How To Grow Runner Beans

Growing Runner Beans

how to grow runner beans
When you know how to grow runner beans, you can be assured of a great harvest.

Growing runner beans (Phaseolus coccineus), is one of the most satisfying jobs around the vegetable garden for me, and so this item on how to grow runner beans is born!  The reason I am enthusiastic about runner beans  is that I am quite impatient by nature, and so can’t wait for the crops to grow. This is where the runner beans come in handy – they grow so fast !
No sooner do you have the frame up, than they are reaching for the stars and in no time producing tasty beans. When planting runner beans, like any other plant really there are however a few steps to follow in order to get the best results.

Soil Conditions:

Runner beans prefer a loamy soil mixed with a good compost mix, however they are a fairly forgiving plant and will grow in many soil types. Since beans take nitrogen from the air and deposit it in the soil, they need less fertilizer than most other plants. Plant in full sun if possible, though some shade will be tolerated. They should be kept away from the wind, as they are likely to suffer from wind damage if too exposed.

Time for planting beans:

The time to plant your runner beans is after the last frost of the season, as runner beans are very susceptible to frost damage. Better to grow from seed in a cold-frame or greenhouse and then plant the young seedlings into the garden area. If there is a danger of a late frost, then it is better to cover at night with a light fleece to protect them.

Preparing for planting:

Before planting your runner beans, it is best to prepare the frame-work that will support them whilst growing. Mostly this is done with a wigwam type of frame, made up from several canes attached at the top and tied around with string. The runner beans are then trained to grow up the canes, securing as they grow. This is slightly different from Peas which will secure themselves with tendrils from the plant.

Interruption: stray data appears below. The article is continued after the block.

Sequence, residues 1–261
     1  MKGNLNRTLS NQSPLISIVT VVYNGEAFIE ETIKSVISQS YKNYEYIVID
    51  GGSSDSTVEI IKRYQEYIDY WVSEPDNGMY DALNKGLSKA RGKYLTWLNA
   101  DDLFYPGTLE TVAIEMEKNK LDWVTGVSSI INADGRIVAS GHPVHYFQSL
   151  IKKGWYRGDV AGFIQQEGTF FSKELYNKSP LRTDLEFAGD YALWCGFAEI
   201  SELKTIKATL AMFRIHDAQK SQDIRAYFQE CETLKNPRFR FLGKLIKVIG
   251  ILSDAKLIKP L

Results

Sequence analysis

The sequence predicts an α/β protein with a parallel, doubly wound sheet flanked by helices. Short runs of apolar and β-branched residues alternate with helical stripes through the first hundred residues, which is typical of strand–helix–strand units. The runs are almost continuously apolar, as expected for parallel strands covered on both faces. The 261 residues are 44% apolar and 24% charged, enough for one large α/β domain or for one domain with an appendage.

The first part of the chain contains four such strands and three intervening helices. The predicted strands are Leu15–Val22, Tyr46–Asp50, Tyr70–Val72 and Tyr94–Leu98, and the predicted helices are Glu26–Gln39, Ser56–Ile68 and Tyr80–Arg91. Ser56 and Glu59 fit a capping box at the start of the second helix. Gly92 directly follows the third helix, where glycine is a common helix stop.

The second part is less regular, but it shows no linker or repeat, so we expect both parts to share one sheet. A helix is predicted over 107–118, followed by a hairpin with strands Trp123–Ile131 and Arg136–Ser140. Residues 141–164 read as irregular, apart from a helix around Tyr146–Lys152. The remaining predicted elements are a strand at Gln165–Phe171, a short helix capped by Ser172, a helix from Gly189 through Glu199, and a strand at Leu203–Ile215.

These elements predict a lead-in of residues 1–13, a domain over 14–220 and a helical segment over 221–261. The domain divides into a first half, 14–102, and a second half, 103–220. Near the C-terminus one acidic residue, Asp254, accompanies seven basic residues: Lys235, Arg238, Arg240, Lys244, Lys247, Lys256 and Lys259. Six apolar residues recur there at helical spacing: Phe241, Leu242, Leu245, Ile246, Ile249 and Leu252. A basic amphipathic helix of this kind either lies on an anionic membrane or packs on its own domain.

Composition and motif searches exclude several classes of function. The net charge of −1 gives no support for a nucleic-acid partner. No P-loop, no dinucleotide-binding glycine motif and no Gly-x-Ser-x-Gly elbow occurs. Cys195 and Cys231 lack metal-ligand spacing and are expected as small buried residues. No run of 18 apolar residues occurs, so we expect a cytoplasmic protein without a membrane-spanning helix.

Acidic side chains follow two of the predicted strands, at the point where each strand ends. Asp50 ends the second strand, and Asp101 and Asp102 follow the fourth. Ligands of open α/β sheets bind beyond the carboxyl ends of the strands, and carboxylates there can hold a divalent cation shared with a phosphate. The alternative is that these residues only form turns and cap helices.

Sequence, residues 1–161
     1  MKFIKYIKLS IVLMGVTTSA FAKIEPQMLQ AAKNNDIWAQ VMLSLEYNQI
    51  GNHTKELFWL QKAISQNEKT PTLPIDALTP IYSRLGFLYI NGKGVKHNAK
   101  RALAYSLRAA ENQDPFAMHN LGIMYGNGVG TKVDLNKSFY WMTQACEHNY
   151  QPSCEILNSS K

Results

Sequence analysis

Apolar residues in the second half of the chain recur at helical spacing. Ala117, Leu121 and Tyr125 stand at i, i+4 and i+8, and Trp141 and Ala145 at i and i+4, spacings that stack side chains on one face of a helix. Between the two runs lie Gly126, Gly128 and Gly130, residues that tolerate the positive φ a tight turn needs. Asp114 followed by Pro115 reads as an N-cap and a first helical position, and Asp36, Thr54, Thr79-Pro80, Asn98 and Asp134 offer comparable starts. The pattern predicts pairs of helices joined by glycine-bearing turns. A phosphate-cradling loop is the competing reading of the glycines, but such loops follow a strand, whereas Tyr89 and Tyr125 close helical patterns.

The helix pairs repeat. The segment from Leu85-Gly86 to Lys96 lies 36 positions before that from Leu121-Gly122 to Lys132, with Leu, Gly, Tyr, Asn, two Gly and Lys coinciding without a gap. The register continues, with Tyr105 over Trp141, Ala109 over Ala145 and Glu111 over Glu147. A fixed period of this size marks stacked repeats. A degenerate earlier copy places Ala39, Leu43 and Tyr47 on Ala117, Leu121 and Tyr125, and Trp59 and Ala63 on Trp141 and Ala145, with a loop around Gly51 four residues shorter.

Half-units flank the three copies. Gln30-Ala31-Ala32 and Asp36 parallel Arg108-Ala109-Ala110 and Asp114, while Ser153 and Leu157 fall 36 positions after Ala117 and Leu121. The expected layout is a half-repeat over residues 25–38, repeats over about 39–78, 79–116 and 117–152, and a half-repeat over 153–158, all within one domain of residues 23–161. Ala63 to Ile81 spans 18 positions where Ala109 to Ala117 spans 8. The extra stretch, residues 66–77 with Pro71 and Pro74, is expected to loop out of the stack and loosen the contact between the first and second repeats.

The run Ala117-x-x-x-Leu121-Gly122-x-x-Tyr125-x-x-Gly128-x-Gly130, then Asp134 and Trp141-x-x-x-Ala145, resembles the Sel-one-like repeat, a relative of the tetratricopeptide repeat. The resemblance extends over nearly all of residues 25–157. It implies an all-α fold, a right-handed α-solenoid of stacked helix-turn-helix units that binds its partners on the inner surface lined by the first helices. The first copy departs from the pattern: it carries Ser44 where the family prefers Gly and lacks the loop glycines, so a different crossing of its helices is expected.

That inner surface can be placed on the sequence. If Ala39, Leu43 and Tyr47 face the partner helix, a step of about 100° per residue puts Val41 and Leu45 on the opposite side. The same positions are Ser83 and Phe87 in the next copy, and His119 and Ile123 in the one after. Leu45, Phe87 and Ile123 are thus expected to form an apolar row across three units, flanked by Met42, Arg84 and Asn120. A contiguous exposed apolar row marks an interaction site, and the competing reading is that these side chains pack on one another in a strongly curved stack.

If planting seedling’s then remove from the pot when they are well rooted, but not pot-bound in the container. Taking a small trowel, dig a hole big enough for the plug and place the plant in the hole, firming around the base with soil.
Planting out under a cloche for the first few weeks of growing will also protect against the frost and give them a quick boost as the soil warms up. This will also protect your young plants from the birds. Pigeon’s in particular can do a lot of damage to a young bean crop, if it is not protected. Another way of protecting the early plants is to cut the bottom of a plastic coke bottle, and place over the plant (make sure you remove the top ). Naturally this system is a bit more difficult if you already have your canes in place, so think ahead to exactly how you plan to proceed.
Rodents just love to nibble on a tasty bean ! Watch out for these and if it is a problem try covering with fleece to distract the mice during the early stages of growth.

Caring for your Runner Beans

Generally speaking runner beansOpens in a new tab. need very little looking after, during the season. Water well when flowering starts in order to encourage growth. For the bushier type of bean plants, nip out the growing tips as they reach the desired height. Watch out for aphids, and take action at the first signs. Aphids can soon get out of control and be the cause of all kinds of plant disease, as well as contaminating your beans with a sticky mess !

Harvesting your Runner Beans

All bean crops should be harvested when still young and small, for as they grow they can get quite tough and fibrous. Likewise they are best eaten immediately, or if headed for the freezer they should be blanched and frozen within the first few hours of picking to get the best flavour locked in. Keep harvesting quite frequently, even if you do not need the beans. This encourages growth and ensures a steady supply of fresh succulent runner beans for the table.